• The US Constitution Past, Present, and Future

    Copyright© 2000 by Evisum Inc.TM. All rights reserved.
    Evisum Inc.TM Privacy Policy

  • Search:

    About Us

     

     

    Image Use

    Please join us in our mission to incorporate America's Four United Republics discovery-based curriculum into the classroom of every primary and secondary school in the United States of America by July 2, 2026, the nation’s 250th birthday. , the United States of America: We The People Click Here

     

    Childhood & Family

    Click Here

     

    Historic Documents

    Articles of Association

    Articles of Confederation 1775

    Articles of Confederation

    Article the First

    Coin Act

    Declaration of Independence

    Declaration of Independence

    Emancipation Proclamation

    Gettysburg Address

    Monroe Doctrine

    Northwest Ordinance

    No Taxation Without Representation

    Thanksgiving Proclamations

    Mayflower Compact

    Treaty of Paris 1763

    Treaty of Paris 1783

    Treaty of Versailles

    United Nations Charter

    United States In Congress Assembled

    US Bill of Rights

    United States Constitution

    US Continental Congress

    US Constitution of 1777

    US Constitution of 1787

    Virginia Declaration of Rights

     

    Historic Events

    Battle of New Orleans

    Battle of Yorktown

    Cabinet Room

    Civil Rights Movement

    Federalist Papers

    Fort Duquesne

    Fort Necessity

    Fort Pitt

    French and Indian War

    Jumonville Glen

    Manhattan Project

    Stamp Act Congress

    Underground Railroad

    US Hospitality

    US Presidency

    Vietnam War

    War of 1812

    West Virginia Statehood

    Woman Suffrage

    World War I

    World War II

     

    Is it Real?



    Declaration of
    Independence

    Digital Authentication
    Click Here

     

    America’s Four Republics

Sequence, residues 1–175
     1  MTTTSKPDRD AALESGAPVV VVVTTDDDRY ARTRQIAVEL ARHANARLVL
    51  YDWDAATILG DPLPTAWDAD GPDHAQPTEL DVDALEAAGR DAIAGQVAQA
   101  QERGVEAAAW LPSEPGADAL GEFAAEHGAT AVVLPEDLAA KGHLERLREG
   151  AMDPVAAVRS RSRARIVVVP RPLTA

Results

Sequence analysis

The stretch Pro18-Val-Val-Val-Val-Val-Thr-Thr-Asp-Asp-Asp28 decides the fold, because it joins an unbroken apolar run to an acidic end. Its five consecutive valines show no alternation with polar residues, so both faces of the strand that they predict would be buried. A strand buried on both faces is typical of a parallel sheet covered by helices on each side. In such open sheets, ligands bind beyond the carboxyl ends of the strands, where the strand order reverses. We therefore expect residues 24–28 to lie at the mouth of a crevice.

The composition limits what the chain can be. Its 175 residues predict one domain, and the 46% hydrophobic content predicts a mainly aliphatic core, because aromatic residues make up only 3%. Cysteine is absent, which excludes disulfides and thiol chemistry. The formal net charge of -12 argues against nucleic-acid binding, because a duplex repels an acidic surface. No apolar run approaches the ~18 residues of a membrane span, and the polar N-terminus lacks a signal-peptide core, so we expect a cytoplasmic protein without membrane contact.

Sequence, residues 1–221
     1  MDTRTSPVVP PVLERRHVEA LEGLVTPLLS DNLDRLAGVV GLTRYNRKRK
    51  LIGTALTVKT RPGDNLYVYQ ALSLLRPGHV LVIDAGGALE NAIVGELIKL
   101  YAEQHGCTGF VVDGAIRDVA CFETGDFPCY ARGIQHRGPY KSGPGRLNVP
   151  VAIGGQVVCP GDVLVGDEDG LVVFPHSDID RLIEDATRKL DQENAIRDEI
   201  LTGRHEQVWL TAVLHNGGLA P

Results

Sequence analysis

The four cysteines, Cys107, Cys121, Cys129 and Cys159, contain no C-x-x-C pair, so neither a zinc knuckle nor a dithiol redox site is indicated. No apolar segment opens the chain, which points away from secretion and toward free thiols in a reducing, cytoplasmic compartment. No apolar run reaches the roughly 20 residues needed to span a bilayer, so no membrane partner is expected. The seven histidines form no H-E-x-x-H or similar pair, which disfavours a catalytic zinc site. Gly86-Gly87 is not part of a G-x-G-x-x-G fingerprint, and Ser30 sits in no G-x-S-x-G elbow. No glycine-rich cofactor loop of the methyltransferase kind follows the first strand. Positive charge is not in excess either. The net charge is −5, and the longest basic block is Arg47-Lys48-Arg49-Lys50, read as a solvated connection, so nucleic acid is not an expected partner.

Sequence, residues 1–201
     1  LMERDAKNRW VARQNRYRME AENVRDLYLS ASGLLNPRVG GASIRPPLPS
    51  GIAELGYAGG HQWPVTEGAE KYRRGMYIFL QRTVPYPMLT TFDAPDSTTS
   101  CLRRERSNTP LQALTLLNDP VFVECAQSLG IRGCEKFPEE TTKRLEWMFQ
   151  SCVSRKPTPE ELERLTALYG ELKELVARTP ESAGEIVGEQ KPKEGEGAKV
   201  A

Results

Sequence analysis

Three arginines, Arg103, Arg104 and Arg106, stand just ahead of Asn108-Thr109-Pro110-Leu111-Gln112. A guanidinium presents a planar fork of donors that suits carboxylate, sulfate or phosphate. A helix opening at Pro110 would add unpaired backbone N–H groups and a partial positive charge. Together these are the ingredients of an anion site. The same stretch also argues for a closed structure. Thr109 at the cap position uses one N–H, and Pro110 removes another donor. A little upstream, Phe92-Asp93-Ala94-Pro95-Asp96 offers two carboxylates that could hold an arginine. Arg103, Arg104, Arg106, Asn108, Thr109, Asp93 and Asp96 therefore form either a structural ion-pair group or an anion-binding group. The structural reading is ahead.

The More or Less United States

     
    Continental Congress
    U.C. Presidents

    Peyton Randolph

    Henry Middleton

    Peyton Randolph

    John Hancock

      

    Continental Congress
    U.S. Presidents

    John Hancock

    Henry Laurens

    John Jay

    Samuel Huntington

      

    Constitution of 1777
    U.S. Presidents

    Samuel Huntington

    Samuel Johnston
    Elected but declined the office

    Thomas McKean

    John Hanson

    Elias Boudinot

    Thomas Mifflin

    Richard Henry Lee

    John Hancock
    [
    Chairman David Ramsay]

    Nathaniel Gorham

    Arthur St. Clair

    Cyrus Griffin

      

    Constitution of 1787
    U.S. Presidents

    George Washington 

    John Adams
    Federalist Party


    Thomas Jefferson
    Republican* Party

    James Madison 
    Republican* Party

    James Monroe
    Republican* Party

    John Quincy Adams
    Republican* Party
    Whig Party

    Andrew Jackson
    Republican* Party
    Democratic Party


    Martin Van Buren
    Democratic Party

    William H. Harrison
    Whig Party

    John Tyler
    Whig Party

    James K. Polk
    Democratic Party

    David Atchison**
    Democratic Party

    Zachary Taylor
    Whig Party

    Millard Fillmore
    Whig Party

    Franklin Pierce
    Democratic Party

    James Buchanan
    Democratic Party


    Abraham Lincoln 
    Republican Party

    Jefferson Davis***
    Democratic Party

    Andrew Johnson
    Republican Party

    Ulysses S. Grant 
    Republican Party

    Rutherford B. Hayes
    Republican Party

    James A. Garfield
    Republican Party

    Chester Arthur 
    Republican Party

    Grover Cleveland
    Democratic Party

    Benjamin Harrison
    Republican Party

    Grover Cleveland 
    Democratic Party

    William McKinley
    Republican Party

    Theodore Roosevelt
    Republican Party

    William H. Taft 
    Republican Party

    Woodrow Wilson
    Democratic Party

    Warren G. Harding 
    Republican Party

    Calvin Coolidge
    Republican Party

    Herbert C. Hoover
    Republican Party

    Franklin D. Roosevelt
    Democratic Party

    Harry S. Truman
    Democratic Party

    Dwight D. Eisenhower
    Republican Party

    John F. Kennedy
    Democratic Party

    Lyndon B. Johnson 
    Democratic Party 

    Richard M. Nixon 
    Republican Party

    Gerald R. Ford 
    Republican Party

    James Earl Carter, Jr. 
    Democratic Party

    Ronald Wilson Reagan 
    Republican Party

    George H. W. Bush
    Republican Party 

    William Jefferson Clinton
    Democratic Party

    George W. Bush 
    Republican Party

    Barack H. Obama
    Democratic Party

    Please Visit

    Forgotten Founders
    Norwich, CT

    Annapolis Continental
    Congress Society


    U.S. Presidency
    & Hospitality

    © Stan Klos

     

     

     

     


    Virtual Museum of Art | Virtual Museum of History | Virtual Public Library | Virtual Science Center | Virtual Museum of Natural History | Virtual War Museum